Held each year at Buttermilk Mountain, the XGames attracts some of the top winter athletes from all over the world. The resort is a good one to serve as host, as it has all of the facilities needed for the wide variety of events that take place over the course of this long weekend. That makes it a popular place not just for the athletes, but also the fans in attendance, who turned out in droves last night for the women's Ski Superpipe final,the LifeProof Ski Superpipe men's final, and the men's Snowboard Big Air final, despite the fact that the temperatures hovered around 0ºF (-17ºC), with windchills dropping it even further.
Likewise, Aspen is a great host city as well, in part because it is such a popular winter playground. The quintessential mountain town, Aspen is well situated right in the Rocky Mountains of Colorado, and has plenty of hotels, restaurants, and other amenities to keep skiers, snowboarders, and XGames attendees very happy.
When I arrived at Buttermilk yesterday afternoon, the XGames village was already jumping. Crowds were already gathering to watch snowboard qualifying runs, while also visiting various booths, tents, and interactive displays from event sponsors. A steady stream of music played throughout the area, and there was an electric excitement in the air. Blue skies and a warm sun made it very comfortable to enjoy watching the athletes, although it was just as fun to watch attendees compete in various games, cheer on their favorite XGames personalities, and queue up for athlete autographs.
One of the first competitions that I had the opportunity to watch in its entirety was the first ever Snow BikeCross final, which was one by Brock Hoyer. During this event, the competitors ride Snow Bikes, like the Timbersled that I had the chance to ride and write about last year. For those not familiar with these machines, they are a cross between a dirt bike motorcycle and a snowmobile, with some of the best elements of both of those vehicles.
As I mentioned last year when I had my test ride, these bikes are fast, agile, and fun, which is what the crowd saw yesterday during a wild and crazy final. I think it is safe to say that the snow bikes were very popular with XGames attendees, and I could see them taking a more prominent role in future editions of the event.
I had the chance to talk to one of the riders – Darrin Mees – following the event, and it was clear that he was excited about the possibilities of the sport. He told me "This is just the beginning. The future looks really bright for snow bikes, which are just incredibly fun to ride." Judging from the crowd's reaction to the race, I think that is very astute prediction.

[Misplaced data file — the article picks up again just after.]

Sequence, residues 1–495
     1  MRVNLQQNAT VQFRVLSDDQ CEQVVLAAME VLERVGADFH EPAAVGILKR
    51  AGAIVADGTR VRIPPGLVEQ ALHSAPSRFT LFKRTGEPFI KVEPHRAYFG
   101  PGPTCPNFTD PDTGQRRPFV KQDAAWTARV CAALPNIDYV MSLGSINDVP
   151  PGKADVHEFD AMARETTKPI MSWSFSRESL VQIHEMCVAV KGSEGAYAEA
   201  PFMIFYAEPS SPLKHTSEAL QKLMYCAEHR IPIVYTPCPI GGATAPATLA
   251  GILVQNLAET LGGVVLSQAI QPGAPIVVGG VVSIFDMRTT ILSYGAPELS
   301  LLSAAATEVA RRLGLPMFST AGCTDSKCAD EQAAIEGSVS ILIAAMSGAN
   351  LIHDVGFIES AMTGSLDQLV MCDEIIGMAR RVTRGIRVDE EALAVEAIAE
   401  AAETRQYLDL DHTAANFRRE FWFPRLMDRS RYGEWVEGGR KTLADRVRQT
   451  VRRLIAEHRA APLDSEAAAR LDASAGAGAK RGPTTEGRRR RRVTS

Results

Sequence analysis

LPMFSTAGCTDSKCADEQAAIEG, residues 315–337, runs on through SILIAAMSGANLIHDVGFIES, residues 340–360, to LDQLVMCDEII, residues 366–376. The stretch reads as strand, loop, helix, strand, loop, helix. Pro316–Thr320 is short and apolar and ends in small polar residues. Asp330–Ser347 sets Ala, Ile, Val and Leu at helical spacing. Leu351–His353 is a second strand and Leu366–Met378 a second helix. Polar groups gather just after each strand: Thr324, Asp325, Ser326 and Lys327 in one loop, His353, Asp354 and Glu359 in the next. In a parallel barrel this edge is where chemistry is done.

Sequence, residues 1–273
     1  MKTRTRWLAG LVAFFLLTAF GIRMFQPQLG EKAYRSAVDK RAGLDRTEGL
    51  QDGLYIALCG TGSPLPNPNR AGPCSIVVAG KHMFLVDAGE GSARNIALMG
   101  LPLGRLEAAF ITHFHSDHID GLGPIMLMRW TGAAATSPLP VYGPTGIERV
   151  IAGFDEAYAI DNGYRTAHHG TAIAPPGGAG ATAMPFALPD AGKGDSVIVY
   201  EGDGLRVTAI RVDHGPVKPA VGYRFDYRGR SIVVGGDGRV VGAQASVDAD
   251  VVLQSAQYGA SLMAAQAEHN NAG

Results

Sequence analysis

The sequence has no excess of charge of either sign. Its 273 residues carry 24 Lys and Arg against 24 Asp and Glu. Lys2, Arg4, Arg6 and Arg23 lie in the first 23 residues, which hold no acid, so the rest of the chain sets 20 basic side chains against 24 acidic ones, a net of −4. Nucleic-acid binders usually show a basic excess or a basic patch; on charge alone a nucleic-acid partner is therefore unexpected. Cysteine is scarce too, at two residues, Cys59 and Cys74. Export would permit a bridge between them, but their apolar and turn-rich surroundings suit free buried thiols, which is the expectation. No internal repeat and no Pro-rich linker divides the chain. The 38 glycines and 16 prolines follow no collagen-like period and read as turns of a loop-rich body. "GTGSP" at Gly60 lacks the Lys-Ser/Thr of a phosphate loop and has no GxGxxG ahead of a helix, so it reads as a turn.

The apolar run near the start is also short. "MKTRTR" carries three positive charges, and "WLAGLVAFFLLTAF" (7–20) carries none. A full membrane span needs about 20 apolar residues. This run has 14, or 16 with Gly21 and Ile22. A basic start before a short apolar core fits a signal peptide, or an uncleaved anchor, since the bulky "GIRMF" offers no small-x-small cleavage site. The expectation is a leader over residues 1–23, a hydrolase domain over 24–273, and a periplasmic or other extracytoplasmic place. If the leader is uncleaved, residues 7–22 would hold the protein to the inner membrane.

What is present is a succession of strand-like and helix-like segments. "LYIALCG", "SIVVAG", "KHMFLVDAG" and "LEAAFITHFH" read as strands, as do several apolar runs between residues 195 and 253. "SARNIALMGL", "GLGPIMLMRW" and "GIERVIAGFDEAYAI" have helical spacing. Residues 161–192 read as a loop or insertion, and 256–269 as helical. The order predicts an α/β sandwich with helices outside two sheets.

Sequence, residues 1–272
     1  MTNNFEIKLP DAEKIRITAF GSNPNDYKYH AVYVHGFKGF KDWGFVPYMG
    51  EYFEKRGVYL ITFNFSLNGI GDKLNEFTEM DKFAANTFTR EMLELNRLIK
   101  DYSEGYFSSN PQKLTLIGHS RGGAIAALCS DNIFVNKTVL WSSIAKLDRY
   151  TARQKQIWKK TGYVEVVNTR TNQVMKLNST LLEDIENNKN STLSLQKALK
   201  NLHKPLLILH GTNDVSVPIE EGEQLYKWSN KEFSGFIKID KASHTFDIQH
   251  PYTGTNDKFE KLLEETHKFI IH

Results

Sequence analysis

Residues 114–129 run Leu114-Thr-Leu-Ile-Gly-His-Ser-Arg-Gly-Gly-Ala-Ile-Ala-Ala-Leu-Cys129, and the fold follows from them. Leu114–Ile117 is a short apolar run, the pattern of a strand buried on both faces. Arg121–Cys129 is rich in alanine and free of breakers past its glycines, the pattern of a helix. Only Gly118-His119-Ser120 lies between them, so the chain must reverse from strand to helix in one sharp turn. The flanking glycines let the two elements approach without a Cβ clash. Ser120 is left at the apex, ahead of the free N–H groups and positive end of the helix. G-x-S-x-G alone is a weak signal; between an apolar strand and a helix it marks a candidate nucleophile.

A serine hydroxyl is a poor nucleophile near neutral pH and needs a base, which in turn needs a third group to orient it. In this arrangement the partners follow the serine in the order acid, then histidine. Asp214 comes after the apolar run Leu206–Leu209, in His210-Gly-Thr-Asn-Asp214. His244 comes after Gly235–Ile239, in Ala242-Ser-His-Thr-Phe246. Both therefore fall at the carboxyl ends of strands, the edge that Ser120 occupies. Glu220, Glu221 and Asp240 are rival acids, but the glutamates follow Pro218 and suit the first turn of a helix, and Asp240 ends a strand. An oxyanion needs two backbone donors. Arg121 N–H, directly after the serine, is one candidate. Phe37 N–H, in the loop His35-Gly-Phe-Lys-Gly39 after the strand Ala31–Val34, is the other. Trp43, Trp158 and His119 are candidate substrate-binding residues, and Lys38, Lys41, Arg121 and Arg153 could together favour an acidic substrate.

After the Snow Bike Cross final, I had some time to before the evening's festivities. During that time, the afternoon crowds began to swell to larger numbers, but once the sun dropped behind the mountain, the temperature plummeted. By the time the ladies Ski Superpipe competition got underway it was getting down right chilly. That event was won by Marie Martinod in an event that set the tone for things to come.
Most of the attention on Friday night centered around the superpipe, which several athletes indicated was the fastest half-pipe they had ever skied on. That speed and challenge was evident, as there were a number of missteps and outright crashes for both the men and women, which marred the competition to a degree. The winners were certainly deserving, but it quickly became evident that the medals for the evening would be won by the athletes who could survive.
This was especially the case for the Lifeproof Ski Superpipe men's final, which was won by Aaron Blunck, who definitely put down the best run of the night. But some of his competition took themselves out of the running with frequent crashes. I think the crowd would have liked to have seen the skiers get a chance to show off their skills without so many missed maneuvers.
The evening was rounded out with the men's Snowboard Big Air competition, which is a rapid-fire event that involved the 8 competitors pulling off their biggest and boldest tricks, then racing back to the top of the mountain in an effort to get as many runs down the slope as they could in a 25 minute time limit. This event turned into a highlight reel with the boarders pulling off some amazing stunts, many of which had never been done in competition before, including 17-year old Marcus Kleveland of Norway completing the first quad-cork ever completed in competition.
This event was eventually won by Max Parrot, but it was certainly a spirited event that also featured a number of crazy, and painful, looking crashes. In this case however, it was more due to the athletes pushing the envelope as far as they possibly could in an effort to win the event, rather than the course being too fast or icy.
This was my first day ever at an XGames event, and it was a lot of fun. These winter athletes are incredibly gifted, but all of the ones I met and talked to are also very down to Earth, accommodating of fans, and are just happy to be here. They are great ambassadors for their various sports, and the kind of person you'd enjoy spending a day exploring the backcountry with.
I can't think of a higher compliment than that.